Monday, April 23, 2007

Ornamental and native grass in the habitat garden

I like growing distinct clumps of grass in with flowers. A tall straight panicum or feather reed looks great as a background for just about any blooms. A flowing fine textured grass like prairie dropseed looks good with plants that have a strong vertical shape. Low growing clumps of grass can be grown with mounds of flowers like coreopsis or plants that send the blooms up wispy stems like gaura or verbena.
Early in the year as the grass emerges bulbs and spring flowers have little visual competition.
As the weather heats up the still low clumps of grass grow slowly forming a groundcover around summer flowers giving a softened merging of color and shape that moves with the wind.
In late summer and fall the grass dominates the show both in mass and color.
A grass like little bluestem is at its best in color and form after a cold hard freeze. Snow clings to dark stiff seedheads and stems, blanketing the ground in crystaline white. Worth braving winters worst to admire up close.
There is a grass or sedge to suit any purpose ... dry shade ,wet shade, dry sun,wet sun, clayloam, sand , poor or rich soil. For woodland,shoreline,meadow and mountain there is a grassy texture to suit.

Grass provides food in the form of seeds for many birds ,forage for mammals and even host a few insects.
Grass also provides cover from predators and nesting sights for small mammals and ground birds.
The deep roots of many grass natives helps prevent erosion and allows rainfall and runoff to percolate the soil.

A few notes...

Sorghastrum nutans grows best in deep, well-drained floodplain soils but is highly tolerant of poorly to excessively well-drained soils, acid to alkaline conditions, and textures ranging from sand to clay.
Indian Grass was a major component of the tall grass vegetation which once dominated the prairies of the central and eastern United States.
Indiangrass is widespread growing in upland prairies, glades, and open woods from the eastern seaboard to North Dakota, south to Arizona and Old Mexico.

Prairie Dropseed/ Sporobulus heterolepsis

grow in full sun, dry to average soil.
occurs naturally in prairies, barrens, and limestone bluffs in the mid-continent, from Canada to Texas, infrequent eastward to New England.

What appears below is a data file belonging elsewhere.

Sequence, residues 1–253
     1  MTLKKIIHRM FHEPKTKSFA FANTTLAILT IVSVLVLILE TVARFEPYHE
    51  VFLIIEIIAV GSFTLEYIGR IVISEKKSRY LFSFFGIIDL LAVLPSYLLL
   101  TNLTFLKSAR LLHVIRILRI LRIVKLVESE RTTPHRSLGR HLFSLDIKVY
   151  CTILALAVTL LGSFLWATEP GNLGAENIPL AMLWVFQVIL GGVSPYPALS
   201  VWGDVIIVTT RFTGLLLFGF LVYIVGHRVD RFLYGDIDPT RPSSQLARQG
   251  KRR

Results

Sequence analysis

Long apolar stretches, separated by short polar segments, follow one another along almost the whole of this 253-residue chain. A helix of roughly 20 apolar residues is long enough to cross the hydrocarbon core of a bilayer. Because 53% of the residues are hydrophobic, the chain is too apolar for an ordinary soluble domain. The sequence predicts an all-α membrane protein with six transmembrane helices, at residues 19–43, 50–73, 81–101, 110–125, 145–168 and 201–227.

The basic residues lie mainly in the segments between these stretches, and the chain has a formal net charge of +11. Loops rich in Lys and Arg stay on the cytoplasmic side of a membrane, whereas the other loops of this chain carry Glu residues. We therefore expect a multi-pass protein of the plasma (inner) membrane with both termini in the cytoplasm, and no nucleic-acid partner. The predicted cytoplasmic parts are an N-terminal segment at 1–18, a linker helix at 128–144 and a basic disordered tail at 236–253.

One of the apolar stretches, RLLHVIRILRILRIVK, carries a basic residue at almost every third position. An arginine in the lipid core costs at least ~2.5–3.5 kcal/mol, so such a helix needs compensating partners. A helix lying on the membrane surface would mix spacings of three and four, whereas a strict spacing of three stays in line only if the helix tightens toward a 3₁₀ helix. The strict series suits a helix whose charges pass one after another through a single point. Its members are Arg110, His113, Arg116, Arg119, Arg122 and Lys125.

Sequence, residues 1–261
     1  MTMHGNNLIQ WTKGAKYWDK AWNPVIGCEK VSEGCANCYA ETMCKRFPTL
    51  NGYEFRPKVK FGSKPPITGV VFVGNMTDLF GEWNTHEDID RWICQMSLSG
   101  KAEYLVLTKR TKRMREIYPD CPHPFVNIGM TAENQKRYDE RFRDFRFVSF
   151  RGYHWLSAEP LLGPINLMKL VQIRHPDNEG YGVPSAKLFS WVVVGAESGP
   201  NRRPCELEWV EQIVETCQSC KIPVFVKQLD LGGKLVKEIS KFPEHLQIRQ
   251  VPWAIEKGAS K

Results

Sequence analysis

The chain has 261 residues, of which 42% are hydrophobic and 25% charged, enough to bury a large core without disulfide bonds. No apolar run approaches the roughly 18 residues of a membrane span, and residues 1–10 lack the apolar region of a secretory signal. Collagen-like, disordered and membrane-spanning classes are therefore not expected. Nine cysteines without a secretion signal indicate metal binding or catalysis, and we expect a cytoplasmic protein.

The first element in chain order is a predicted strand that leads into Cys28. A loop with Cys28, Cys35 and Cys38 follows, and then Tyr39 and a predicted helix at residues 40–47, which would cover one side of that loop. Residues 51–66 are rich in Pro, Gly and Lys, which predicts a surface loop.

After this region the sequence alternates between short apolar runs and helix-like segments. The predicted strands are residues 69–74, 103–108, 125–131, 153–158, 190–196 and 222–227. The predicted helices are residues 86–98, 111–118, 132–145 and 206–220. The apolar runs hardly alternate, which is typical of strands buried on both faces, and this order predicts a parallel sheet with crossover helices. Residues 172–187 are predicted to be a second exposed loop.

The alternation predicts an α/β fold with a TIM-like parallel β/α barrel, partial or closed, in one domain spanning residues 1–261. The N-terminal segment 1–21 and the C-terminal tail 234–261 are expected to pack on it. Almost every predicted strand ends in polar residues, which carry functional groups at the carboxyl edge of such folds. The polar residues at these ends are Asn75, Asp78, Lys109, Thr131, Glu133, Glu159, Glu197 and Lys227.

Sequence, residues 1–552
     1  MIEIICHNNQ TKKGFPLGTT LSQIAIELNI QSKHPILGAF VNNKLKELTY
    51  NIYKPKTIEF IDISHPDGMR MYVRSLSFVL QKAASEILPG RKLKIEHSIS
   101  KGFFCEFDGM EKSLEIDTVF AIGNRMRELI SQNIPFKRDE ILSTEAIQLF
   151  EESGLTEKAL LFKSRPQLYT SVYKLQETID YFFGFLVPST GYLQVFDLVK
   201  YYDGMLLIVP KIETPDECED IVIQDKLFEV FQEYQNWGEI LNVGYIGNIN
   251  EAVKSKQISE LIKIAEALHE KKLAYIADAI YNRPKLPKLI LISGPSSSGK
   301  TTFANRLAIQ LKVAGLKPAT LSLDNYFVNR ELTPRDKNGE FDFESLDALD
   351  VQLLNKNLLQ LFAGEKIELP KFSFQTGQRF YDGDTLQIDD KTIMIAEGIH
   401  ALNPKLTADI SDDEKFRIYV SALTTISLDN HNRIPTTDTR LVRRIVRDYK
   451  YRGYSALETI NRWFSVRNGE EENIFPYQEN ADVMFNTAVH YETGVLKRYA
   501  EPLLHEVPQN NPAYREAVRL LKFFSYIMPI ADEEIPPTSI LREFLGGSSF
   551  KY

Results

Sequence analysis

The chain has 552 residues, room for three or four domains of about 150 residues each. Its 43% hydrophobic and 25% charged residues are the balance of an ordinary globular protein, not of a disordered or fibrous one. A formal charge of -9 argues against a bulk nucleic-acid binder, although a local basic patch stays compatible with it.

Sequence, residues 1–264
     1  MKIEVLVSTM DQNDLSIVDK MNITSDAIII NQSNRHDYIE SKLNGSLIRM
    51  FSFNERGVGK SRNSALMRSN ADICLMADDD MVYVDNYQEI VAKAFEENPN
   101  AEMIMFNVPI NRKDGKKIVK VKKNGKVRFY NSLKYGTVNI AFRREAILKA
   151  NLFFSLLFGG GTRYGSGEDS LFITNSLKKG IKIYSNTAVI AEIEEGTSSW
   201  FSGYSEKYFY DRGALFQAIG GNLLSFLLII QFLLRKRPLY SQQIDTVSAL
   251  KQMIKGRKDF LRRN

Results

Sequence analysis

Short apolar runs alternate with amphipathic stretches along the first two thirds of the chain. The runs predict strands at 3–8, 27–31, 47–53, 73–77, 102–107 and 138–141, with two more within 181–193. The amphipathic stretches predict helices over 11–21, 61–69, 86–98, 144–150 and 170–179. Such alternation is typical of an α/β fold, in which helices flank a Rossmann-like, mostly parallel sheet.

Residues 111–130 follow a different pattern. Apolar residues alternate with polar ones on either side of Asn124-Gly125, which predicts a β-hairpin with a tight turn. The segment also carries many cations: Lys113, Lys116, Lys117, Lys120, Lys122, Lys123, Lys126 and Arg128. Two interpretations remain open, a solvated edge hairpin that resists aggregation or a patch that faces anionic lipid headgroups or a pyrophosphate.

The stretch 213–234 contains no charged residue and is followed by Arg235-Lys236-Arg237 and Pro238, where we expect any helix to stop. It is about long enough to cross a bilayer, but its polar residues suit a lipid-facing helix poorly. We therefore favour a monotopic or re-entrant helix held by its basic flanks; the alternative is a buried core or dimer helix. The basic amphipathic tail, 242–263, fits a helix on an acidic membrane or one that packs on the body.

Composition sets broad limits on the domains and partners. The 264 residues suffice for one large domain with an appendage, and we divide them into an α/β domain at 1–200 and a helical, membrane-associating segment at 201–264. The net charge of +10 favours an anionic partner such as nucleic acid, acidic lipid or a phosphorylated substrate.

Very thin, emerald green leaves form a dense arching tuft. Seed heads form in August and give off a distinct aroma. These graceful clumps turn yellow or deep orange in fall.
Provides food and cover for wildlife.
Combine Prairie Dropseed with Purple Poppy Mallow, Missouri Black-eyed Susan, Missouri Primrose, Purple Beardtongue, Lanceleaf Coreopsis, and Prairie Blazing Star.
Prairie Onion, Pale purple coneflower Liatris blazingstar.

Prairie dropseed


Panicum spp.
Habitats include black soil prairies, clay prairies, sand prairies, typical savannas and sandy savannas, open woodlands, rocky bluffs, sand dunes, marshes and sandy pannes, rocky banks of rivers, prairie restorations, areas along railroads and roadsides, and abandoned fields.
Because of its above-average tolerance of salt, this species can become the dominant grass along little-mowed roadsides where salt is applied during the winter.
Grow in partial to full sunlight, moist to mesic conditions, and deep fertile soil. However, this robust grass can tolerate practically any kind of soil and it will adapt to drier conditions

Schizachrium scoparium/Little bluestem
Provides nest sites, protective cover and food for birds.Drought tolerant; additional water or fertilizer is unnecessary.
Grow in full sun.
Grow in dry to average soil.
Tolerates heat and humidity easily.
Native Range,Prairies, fields, open woodlands and roadsides; New Brunswick to Alberta south to Arizona and Florida.

Chasmanthium latifolium - Wild Oats
Grows best in rich moist soil in shade or sun.
Occurs naturally in bottomland forests, mesic upland forests, valleys, and stream banks from the eastern U.S. west to Nebraska, Texas, and Mexico

Hair Grass - Deschampsia flexuosa.Wavy Hairgrass
This showy, fine-textured, evergreen grass is excellent in shady gardens or woodland settings. A cool season grower, wavy hairgrass forms a tight clump of narrow, wiry foliage.
In late spring, stems shoot up above the foliage and arch gracefully with frothy-looking flowers.
Clumping grasses like this provide nest sites and winter cover for quail and sparrows.
They also provide fall and winter seeds for a number of birds including cardinals, towhees, juncos and other sparrows, finches, goldfinches, redpolls and snow buntings.

Wildlife habitat design

Native Grass


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